- Has the agency considered the applicant’s history of violations?
- Will groundwater, drinking or surface waters be threatened by the project or new rule?
- Will the activity lead to land or soil contamination?
- Are there legal reasons why this rule or permit must be denied?
- Are there problems with the proposed location?
- Has the agency considered the long-term effects?
- Will exposure to radiation be a likely result from the activity?
- What will be required to ensure safe operation?
- Have the risks in transporting substances to and from the facility been considered?
- How will the aesthetics of the area considered for the project or rule be affected?
MAYBE include the following attachments to support your position:
- Photographs and/or videotapes
- Maps, charts, tables, graphs
- Copies of enforcement actions against the applicant
- Technical or scientific articles
- Government reports
- Signed and dated statements from former employees of the applicant or from others with special knowledge of problems with the facility.
The following template is from the Public Comment Project, and is a general example for what comments can look like. Remember, comments vary in length and can range from short summaries to long and technical comments. If your comments are lengthy you may wish to submit a cover letter, but it’s not necessary and the content of your comments can be included in the letter. MCE generally sends a cover letter with all federal comment letters.
Re: [Docket ID, Document Title]
To Whom It May Concern,
Thank you for the opportunity to comment on [Document Title]. I am… 1-2 sentences introducing yourself and your credentials, as they relate to the comment you are writing.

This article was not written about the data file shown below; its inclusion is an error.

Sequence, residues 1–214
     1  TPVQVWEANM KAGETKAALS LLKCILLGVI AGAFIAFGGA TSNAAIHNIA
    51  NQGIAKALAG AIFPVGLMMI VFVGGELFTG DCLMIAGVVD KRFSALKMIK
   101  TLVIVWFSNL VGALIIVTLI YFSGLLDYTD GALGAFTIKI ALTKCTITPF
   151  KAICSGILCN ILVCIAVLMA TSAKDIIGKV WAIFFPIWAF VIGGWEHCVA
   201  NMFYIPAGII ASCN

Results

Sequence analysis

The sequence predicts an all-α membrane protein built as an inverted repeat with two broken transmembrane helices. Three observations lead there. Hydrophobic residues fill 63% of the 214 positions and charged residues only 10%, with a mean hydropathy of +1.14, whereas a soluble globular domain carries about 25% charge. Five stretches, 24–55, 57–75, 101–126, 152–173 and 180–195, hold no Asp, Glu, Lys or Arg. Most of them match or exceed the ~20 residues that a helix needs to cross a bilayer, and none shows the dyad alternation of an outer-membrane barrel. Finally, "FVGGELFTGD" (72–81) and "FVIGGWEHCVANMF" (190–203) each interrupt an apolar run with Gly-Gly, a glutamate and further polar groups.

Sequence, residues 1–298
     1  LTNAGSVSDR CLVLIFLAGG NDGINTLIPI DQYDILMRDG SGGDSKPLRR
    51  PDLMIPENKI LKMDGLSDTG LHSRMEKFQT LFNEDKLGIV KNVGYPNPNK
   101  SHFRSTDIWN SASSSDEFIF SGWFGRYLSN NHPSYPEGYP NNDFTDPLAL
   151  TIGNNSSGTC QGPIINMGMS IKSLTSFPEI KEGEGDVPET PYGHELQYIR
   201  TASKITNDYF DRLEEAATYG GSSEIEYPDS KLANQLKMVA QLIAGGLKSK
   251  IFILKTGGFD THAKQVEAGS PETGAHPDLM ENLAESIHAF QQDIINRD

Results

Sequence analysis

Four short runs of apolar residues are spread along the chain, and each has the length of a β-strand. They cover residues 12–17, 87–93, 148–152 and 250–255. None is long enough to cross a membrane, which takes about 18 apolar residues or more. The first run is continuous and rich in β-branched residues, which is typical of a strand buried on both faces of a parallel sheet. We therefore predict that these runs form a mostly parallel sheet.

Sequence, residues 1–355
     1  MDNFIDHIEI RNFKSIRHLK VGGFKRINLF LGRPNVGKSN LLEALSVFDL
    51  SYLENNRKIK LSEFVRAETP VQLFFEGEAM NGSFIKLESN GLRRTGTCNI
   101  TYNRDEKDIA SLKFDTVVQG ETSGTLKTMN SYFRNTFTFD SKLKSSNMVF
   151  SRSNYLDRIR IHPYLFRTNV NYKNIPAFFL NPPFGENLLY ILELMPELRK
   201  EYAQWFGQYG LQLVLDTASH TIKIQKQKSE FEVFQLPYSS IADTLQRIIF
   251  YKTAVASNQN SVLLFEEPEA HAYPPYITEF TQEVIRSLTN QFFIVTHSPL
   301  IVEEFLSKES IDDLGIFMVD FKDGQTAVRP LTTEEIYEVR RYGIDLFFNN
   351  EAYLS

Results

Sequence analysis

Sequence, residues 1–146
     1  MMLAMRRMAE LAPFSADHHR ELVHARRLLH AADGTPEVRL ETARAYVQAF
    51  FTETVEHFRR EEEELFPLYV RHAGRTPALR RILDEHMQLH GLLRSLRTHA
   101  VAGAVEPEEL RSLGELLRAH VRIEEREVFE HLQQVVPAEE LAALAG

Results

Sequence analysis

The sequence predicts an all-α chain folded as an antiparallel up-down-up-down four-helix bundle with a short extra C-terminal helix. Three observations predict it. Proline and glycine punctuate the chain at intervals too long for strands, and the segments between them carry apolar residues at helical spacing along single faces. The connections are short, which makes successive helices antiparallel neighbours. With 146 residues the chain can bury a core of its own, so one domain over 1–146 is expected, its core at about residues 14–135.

I would like to… [raise concerns / inform you of new information / provide supporting evidence] regarding [Document Title]:
- [1 sentence describing first major point]
- [1 sentence describing second major point]
In summary, [1-2 sentences summarizing your comment]. Please see below for additional details and pertinent literature.
[Affiliations, Degree, Additional Qualifications]
Main Comment Text
[First major point]
Several short paragraphs supporting your first point. Include references to literature that is cited in the bibliography.
[Second major point]
Several short paragraphs supporting your second point. Include references to literature that is cited in the bibliography.
List of your sources; include links or DOI when appropriate.
The following example is a public comment submitted to Missouri’s Department of Natural Resources and Clean Water Commission by MCE regarding the renewal of a MO State Operating Permit. This comment refers to information gathered through a Sunshine Request to explain past permit violations and explain environmental concerns with the proposed permit renewal.
Here is a link to MCE’s comment letter template to the USDA’s Natural Resources Conservation Service regarding the Environmental Quality Incentives Program (EQIP) Interim Final Rule from February 2020. This comment letter is less technical than the one above, and allows space for commenters to include their personal stories and reasons for making changes to this program.